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Vion accelerates strategy and aligns capacity with the market

Vion launched a “Change that Matters” improvement programme in 2022, aimed at aligning its production capacity with the market, accelerating its strategy to achieve more sustainable and regional meat production and boosting performance.

In 2022, Vion was forced to cope with a number of global market dynamics such as the coronavirus pandemic, export restrictions due to African swine fever, a significant decrease in available livestock in Germany and a tight labour market. The energy crisis that followed the invasion of Ukraine fuelled inflation, which had already started to increase in 2021. Price increases in the supply chain were absorbed before being passed on to the consumer. Although this boosted turnover, it had a negative impact on margins and earnings.


  1. Normalised EBITDA increased from EUR 40 million in 2021 to EUR 47.8 million in 2022. Normalised EBIT for 2022 reflected a loss of EUR 23.5 million (a EUR 4.7 million improvement compared to 2021). We also included EUR 63.4 million as expenses for impairment and restructuring. Investments were sustained, totalling EUR 85.4 million (2021: EUR 60.8 million). Liquidity and solvency figures were adequate.
  2. The negative results were recorded mainly for the German Pork and Retail operations. The Netherlands Pork Business Unit and the Business Unit Beef performed as expected, while the Food Service Business Unit performed excellently due to its chain strategy.
  3. In 2022, Vion launched its Change that Matters programme, which aims to:
    1. Improve operational performance by approximately EUR 150 every year by 2025 and ensure future-proof operations with a more regional and sustainable footprint;
    2. transform its organisational organisation to a country-specific structure for Germany and Benelux in Q4 2023, and
    3. accelerate its strategy for developing sustainable regional chains.
  4. The Change that Matters programme enabled Vion to once again generate a positive result.
  5. African swine fever has caused structural overcapacity in German abattoirs.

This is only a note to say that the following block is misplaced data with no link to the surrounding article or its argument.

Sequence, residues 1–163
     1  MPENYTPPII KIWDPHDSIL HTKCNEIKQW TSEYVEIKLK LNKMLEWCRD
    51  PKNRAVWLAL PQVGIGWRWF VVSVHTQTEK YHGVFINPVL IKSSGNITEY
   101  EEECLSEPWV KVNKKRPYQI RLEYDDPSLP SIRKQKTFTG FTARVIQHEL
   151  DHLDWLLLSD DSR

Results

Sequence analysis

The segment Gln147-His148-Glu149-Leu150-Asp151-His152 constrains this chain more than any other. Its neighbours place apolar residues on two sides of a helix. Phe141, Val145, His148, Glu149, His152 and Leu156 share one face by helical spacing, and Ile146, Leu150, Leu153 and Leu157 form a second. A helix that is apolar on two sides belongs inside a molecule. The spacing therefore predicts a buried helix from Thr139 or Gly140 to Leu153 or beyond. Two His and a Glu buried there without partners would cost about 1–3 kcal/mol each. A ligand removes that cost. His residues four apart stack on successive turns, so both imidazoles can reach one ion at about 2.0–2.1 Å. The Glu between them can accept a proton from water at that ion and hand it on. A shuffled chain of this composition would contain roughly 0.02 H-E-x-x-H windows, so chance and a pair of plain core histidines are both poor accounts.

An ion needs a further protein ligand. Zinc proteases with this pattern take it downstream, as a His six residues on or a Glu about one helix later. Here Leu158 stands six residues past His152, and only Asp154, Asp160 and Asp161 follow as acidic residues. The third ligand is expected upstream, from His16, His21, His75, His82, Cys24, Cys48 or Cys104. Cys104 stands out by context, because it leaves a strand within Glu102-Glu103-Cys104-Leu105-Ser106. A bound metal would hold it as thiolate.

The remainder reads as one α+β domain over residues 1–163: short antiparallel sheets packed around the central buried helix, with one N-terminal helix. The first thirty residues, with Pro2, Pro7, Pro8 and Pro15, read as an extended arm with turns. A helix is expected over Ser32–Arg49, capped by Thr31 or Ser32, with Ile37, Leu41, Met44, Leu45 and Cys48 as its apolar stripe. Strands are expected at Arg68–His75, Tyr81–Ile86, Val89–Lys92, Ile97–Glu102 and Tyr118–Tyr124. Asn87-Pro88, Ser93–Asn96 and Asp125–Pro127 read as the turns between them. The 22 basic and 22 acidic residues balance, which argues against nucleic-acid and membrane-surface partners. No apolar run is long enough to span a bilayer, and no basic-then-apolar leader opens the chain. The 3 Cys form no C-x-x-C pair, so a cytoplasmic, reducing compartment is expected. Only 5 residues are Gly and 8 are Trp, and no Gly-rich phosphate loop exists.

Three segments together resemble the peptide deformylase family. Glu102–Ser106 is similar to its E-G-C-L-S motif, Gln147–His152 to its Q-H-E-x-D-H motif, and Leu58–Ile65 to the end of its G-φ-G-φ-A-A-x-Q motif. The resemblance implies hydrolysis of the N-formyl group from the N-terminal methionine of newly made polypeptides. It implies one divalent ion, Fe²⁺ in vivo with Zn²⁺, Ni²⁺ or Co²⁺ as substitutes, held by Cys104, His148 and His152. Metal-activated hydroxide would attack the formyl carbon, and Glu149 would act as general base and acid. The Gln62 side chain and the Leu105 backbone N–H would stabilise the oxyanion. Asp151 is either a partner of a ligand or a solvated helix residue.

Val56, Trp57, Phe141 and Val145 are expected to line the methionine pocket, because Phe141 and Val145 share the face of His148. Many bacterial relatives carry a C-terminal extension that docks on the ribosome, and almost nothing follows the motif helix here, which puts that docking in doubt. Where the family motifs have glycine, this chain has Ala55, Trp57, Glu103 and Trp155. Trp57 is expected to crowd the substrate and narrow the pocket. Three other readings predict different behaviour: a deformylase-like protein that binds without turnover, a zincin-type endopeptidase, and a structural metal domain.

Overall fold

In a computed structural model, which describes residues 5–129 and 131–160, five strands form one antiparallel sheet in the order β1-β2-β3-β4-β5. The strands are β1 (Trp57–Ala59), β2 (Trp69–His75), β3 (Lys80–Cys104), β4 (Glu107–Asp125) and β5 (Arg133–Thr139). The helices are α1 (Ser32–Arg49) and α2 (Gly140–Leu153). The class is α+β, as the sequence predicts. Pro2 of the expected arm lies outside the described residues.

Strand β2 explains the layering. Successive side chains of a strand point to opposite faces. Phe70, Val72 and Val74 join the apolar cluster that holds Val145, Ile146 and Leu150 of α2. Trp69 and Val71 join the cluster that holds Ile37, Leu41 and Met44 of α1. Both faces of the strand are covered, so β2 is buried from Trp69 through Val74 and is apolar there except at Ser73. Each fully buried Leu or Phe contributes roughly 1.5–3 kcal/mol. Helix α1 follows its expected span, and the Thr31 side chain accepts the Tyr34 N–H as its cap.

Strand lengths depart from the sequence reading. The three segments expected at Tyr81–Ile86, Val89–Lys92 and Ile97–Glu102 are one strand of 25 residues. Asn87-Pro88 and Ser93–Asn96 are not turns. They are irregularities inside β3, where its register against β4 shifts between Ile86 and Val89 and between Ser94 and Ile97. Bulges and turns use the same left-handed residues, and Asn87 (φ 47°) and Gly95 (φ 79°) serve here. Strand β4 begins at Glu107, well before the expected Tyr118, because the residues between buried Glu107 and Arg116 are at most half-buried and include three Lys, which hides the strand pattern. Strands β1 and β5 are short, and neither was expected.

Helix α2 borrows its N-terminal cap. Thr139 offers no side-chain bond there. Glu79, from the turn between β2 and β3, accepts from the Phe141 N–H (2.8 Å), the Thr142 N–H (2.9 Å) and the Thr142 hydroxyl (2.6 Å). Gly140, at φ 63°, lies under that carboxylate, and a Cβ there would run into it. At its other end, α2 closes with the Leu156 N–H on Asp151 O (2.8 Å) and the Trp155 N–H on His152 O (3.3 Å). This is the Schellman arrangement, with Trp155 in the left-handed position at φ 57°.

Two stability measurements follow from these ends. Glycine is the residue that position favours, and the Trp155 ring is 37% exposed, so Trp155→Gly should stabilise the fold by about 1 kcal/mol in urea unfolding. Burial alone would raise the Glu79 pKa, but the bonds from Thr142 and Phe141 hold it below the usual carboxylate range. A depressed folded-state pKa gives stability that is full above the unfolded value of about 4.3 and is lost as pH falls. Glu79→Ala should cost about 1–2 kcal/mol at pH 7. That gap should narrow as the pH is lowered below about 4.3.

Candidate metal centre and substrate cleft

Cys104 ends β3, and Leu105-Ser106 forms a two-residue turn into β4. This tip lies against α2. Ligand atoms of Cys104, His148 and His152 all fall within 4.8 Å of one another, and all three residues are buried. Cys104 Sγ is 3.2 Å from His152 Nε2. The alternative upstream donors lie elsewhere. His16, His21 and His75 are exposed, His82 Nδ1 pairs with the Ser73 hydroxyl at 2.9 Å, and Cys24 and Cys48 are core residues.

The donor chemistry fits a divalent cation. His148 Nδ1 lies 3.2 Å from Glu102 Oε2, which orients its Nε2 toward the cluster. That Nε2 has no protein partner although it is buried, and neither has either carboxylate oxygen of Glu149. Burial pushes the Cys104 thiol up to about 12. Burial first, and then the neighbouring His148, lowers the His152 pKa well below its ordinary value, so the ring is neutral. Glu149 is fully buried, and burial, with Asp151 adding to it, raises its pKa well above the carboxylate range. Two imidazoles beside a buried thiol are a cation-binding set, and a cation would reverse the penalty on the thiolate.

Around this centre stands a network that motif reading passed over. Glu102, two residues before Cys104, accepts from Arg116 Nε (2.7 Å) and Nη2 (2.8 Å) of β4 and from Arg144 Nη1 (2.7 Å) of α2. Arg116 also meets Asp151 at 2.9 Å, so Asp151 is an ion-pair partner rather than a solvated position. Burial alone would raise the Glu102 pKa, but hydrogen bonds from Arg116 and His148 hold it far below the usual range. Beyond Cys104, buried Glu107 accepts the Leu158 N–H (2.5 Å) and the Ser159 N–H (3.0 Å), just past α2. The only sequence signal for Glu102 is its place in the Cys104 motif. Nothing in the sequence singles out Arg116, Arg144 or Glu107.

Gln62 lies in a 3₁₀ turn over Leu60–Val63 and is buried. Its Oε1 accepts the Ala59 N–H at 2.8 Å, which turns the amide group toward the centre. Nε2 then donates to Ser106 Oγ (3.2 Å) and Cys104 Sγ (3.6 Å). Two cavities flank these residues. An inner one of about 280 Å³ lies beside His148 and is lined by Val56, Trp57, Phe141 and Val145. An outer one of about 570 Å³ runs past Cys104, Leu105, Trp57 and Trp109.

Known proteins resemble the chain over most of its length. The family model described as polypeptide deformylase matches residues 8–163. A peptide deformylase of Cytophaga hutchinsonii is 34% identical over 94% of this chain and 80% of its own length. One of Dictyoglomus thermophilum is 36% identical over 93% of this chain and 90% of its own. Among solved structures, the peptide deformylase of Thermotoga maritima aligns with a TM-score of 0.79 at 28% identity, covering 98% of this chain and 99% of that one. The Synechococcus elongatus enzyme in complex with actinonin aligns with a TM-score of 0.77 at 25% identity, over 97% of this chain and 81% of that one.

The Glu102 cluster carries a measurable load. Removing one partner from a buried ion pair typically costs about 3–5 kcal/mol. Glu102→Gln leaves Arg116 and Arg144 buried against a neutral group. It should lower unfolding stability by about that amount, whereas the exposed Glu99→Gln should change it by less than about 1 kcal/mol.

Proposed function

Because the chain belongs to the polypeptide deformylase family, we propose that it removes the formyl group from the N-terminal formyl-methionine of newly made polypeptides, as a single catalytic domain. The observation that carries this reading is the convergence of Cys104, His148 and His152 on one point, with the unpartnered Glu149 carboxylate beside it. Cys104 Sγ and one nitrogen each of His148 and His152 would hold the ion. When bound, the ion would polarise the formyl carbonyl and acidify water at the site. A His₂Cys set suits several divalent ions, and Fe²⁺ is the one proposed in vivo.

6. Farmers in the Netherlands and Germany face insufficient perspective. We see a structural decline in livestock numbers as a result.
  7. Vion has now adjusted its production capacities in Germany to the market by implementing reorganisations at its Emstek, Holdorf and Landshut sites and by closing its Bad Bramstedt (beef) site. Acting primarily in response to these decisions, Vion recognised additional impairment and restructuring expenses of EUR 63.4 million in depreciation and amortisation of fixed assets.
  8. In 2022, Vion again expanded its sustainable supply chain strategy by, among other things:
    1. investing in a large, modern pre-packaging plant in Altenburg;
    2. the acquisition of a cattle distribution centre in Bavaria;
    3. expanding freezing capacity through the acquisition of Vriesoord in ‘s-Hertogenbosch;
    4. establishing a regional role for the Landshut site in southern Germany;
    5. the launch of “Der GrĂ¼ne Weg”, an all-German organic pork supply chain;
    6. establishing “The Bavarian Ox”, a regional quality ox meat, high animal welfare programme in collaboration with VVG Oberbayern-Schwaben in Germany;
    7. investing to achieve goals of the Science Based Targets initiative (SBTi) and promote climate protection and biodiversity, such as appointing an energy team;
    8. substantially expanding its position in plant-based products, and
    9. appointing a Science and Sustainability Officer to its Executive Committee in 2023, to underscore the importance of sustainability.

Adjusting slaughter capacity to market dynamics